Lisa RosenFenna tom Dieck

'Can I tell my class teacher?' Newly arrived youth between language support measures and regular classes in the contemporary German school system

Shortlink: https://www.waxmann.com/artikelART104961

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Abstract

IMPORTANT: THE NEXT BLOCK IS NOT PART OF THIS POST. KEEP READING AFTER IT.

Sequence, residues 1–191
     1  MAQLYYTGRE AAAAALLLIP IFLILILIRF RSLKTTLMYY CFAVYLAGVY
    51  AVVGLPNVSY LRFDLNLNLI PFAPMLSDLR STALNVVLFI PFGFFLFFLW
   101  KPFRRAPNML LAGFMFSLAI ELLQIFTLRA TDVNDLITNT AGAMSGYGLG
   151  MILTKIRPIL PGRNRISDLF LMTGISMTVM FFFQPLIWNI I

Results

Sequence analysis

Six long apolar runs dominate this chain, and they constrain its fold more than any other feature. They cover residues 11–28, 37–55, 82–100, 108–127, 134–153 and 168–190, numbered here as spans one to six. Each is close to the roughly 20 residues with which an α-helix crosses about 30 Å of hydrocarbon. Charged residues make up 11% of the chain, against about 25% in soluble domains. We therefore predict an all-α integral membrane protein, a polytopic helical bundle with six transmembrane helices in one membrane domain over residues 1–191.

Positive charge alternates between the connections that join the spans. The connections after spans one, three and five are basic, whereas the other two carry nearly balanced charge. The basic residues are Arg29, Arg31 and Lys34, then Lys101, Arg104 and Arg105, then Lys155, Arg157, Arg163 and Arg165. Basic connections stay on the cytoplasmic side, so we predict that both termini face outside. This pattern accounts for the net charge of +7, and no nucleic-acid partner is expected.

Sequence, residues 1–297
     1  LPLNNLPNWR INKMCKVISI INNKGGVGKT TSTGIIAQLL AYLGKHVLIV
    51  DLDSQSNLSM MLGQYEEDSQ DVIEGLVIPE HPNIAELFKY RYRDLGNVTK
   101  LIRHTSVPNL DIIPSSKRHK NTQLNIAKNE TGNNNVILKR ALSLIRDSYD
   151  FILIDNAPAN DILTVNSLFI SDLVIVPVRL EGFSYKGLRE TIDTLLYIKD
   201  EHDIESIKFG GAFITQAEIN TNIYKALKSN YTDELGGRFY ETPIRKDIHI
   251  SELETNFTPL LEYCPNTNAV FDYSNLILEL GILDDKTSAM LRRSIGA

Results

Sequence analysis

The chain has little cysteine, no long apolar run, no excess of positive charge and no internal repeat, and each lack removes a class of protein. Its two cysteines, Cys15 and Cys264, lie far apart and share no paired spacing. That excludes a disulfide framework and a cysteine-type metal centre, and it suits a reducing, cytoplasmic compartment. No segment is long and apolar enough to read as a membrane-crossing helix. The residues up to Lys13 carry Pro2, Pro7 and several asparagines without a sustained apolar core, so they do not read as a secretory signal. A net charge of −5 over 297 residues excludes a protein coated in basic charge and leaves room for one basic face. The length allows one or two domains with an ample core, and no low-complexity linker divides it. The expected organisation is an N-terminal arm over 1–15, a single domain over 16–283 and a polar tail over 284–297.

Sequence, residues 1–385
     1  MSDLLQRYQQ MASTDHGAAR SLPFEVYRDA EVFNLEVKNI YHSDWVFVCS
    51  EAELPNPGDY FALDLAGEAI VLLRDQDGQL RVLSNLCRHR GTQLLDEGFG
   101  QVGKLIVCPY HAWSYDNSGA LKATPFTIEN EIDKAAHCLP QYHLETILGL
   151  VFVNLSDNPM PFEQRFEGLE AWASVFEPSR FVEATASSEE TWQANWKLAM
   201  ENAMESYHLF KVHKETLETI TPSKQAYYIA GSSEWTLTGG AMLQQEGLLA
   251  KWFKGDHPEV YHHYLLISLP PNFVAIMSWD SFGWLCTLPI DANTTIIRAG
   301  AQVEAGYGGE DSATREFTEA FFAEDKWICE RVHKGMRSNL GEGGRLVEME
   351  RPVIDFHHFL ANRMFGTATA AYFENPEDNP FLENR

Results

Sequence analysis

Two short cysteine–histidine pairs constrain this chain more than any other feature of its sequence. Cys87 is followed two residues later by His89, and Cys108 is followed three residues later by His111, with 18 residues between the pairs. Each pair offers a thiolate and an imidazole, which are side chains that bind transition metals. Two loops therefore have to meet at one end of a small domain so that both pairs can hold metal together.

This article sheds light on school practices in the context of new and forced migration in the aftermath of the 'long summer ofmigration' (Römhild, Schwanhäuser, zur Nieden & Yurdakul, 2018) in Germany. Its research interest is inspired by the historical situations of school exclusion and segregation among newly arrived and refugee youth (Crul, 2017; Koehler, 2017) and by the state ofresearch on so-called preparatory classes (for the separation principle in education: see Terhart & Dewitz, 2018, p. 294). In contrast, using an ethnographic research approach (Atkinson, 2015), we focus on the partial integration principle in education at an urban upper secondary school ('Gymnasium') in North Rhine-Westphalia. On the basis of participant observations (Boccagni & Schrooten, 2018), we investigate a research question conceming the ways in which newcomers are addressed by language support teachers in the 'in-between' context that bridges preparatory and regular classes, and how newly arrived and refugee youth do respond and position themselves with respect to these ways of being addressed. By means of a Grounded Theory analysis (Charmaz, 2014), we show, on the one hand, that newly arrived youth interactively emerge as 'other' students and are addressed as a homogeneous group to which refugee experiences are collectively attributed. On the other hand, these teenagers seem to see themselves as students in regular classes and not primarily as students undergoing language support measures, and they seem to prioritize the requirements of the regular classes. In conclusion, we discuss the extent to which these instances of being addressed as deviant and irregular students as weil as students' self-positioning within this context can be understood as a continuation of existing educational inequalities in Germany (see Auernheimer, 2013 with regard to migration and Emmerich, Hormel, Jording & Massumi, 2020 with regard to new and forced migration) at the microlevel of individual schools.